The Prime Minister confirmed today that Greater Manchester would receive £60m in Covid support, after ministers walked out of negotiations on Tuesday afternoon because local leaders led by Andy Burnham argued that £5m more was required. Asked repeatedly to confirm during his press conference yesterday evening whether that money was still on the table, after the government broke off talks, Boris Johnson failed to confirm that it would be. But faced with the opposition leader and mutinous northern backbench Tories in parliament, he finally gave the answer that he should have given last night. He had wanted to make an example of the region and play the strongman, but this afternoon saw him back down.
This announcement during Prime Minister’s Questions today is no huge surprise. Going toe-to-toe with Burnham over Tier 3 proved to be a big mistake. The ‘King in the North’ emerged from the dispute a hero, while the public watched on with disbelief at the pettiness of Johnson’s government. But the U-turn is telling. The rallying of northern leaders against Westminster is a crystallising moment for a government that won an election just last year on a ‘levelling up’ platform. Since then, the Prime Minister has done his level-best to break those promises and shed the unlikely ‘Red Wall’ seats he picked up in the general election. Today shows how far we have come.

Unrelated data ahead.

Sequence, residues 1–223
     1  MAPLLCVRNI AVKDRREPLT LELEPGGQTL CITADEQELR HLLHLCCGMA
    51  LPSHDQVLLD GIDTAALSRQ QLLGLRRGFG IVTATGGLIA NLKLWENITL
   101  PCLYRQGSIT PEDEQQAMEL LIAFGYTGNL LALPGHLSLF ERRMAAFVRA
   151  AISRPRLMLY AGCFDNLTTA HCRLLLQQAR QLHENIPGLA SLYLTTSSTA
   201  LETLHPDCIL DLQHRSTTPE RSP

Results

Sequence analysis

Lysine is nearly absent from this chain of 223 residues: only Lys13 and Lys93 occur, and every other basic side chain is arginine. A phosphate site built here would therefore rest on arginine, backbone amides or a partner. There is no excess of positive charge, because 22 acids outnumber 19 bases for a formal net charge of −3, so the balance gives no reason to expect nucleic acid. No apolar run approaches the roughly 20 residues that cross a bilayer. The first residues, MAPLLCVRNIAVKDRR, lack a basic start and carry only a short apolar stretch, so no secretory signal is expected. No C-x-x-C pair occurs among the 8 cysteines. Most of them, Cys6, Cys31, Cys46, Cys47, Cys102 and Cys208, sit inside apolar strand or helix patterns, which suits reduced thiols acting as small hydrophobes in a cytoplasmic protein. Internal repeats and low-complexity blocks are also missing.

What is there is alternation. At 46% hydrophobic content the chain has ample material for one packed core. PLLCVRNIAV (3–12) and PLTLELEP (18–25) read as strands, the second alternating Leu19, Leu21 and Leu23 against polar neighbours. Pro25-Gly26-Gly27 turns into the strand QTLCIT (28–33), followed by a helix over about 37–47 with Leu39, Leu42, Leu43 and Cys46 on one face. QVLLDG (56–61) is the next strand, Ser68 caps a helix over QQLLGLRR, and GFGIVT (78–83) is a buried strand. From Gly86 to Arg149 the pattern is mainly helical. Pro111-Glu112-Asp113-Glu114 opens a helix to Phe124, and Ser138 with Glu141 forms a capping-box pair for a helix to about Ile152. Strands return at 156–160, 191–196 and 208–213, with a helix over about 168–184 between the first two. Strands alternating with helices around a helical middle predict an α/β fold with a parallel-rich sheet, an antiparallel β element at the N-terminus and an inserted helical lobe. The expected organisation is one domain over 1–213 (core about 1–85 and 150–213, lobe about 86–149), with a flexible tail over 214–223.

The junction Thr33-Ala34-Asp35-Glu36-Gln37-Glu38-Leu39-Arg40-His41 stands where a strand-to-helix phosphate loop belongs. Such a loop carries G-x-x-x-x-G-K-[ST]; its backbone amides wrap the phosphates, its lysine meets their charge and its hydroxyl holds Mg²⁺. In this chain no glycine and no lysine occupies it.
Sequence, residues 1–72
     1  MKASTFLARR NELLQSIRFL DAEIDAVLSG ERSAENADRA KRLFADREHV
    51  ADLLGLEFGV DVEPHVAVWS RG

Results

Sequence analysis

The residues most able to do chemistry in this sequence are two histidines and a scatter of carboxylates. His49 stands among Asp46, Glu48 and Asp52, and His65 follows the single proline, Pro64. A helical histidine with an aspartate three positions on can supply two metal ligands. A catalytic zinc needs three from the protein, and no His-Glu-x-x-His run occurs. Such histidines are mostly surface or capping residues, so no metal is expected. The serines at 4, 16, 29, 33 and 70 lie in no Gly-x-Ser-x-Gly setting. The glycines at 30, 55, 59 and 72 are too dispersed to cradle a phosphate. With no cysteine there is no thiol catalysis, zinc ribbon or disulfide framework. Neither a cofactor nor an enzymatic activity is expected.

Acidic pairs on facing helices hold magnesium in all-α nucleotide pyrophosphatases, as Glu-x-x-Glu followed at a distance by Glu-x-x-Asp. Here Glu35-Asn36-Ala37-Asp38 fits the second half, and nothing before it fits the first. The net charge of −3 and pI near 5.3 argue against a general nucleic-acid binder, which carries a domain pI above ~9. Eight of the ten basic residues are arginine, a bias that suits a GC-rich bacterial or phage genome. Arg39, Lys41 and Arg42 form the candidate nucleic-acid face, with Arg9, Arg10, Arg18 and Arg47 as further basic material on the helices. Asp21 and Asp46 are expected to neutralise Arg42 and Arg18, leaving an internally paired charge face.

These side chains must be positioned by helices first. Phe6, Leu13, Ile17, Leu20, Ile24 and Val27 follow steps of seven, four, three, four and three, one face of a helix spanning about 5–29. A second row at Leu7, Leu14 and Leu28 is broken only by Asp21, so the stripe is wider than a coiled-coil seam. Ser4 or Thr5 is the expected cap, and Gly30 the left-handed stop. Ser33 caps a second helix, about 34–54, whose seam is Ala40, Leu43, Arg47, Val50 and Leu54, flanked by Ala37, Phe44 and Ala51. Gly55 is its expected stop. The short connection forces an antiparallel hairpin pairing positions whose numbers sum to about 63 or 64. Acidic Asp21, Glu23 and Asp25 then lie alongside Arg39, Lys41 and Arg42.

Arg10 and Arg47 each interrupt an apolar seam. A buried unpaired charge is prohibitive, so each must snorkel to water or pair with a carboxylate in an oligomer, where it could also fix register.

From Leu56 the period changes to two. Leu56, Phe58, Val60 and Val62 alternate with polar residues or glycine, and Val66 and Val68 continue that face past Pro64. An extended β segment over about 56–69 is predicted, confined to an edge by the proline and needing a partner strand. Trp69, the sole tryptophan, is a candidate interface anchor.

The Manchester debacle handed Keir Starmer another stick with which to beat the PM. This is the man, the Labour leader reminded MPs, who can find £7,000 per day for consultants on the track and trace system and £43m on a non-existent garden bridge, but could not find £5m for the people of Manchester. And it’s not just a problem for the northern city but everywhere, Starmer stressed. Challenging the “take-it-or-leave-it” approach, he told the PM: “It is corrosive to public trust to pit region against region, mayor against mayor, council against council, asking them to trade away their businesses and jobs.”
The tier-based, local plan is not working, Starmer explained, and this could be the PM’s last chance to put in place an effective circuit break. Echoing Burnham and holding up the shambolic handling of Covid restrictions over past weeks, Starmer was able to set out a stark choice: carry on as we are, or adopt the national measure. “Stop dividing communities,” the Labour leader told Johnson. “Stop bargaining with people’s lives.”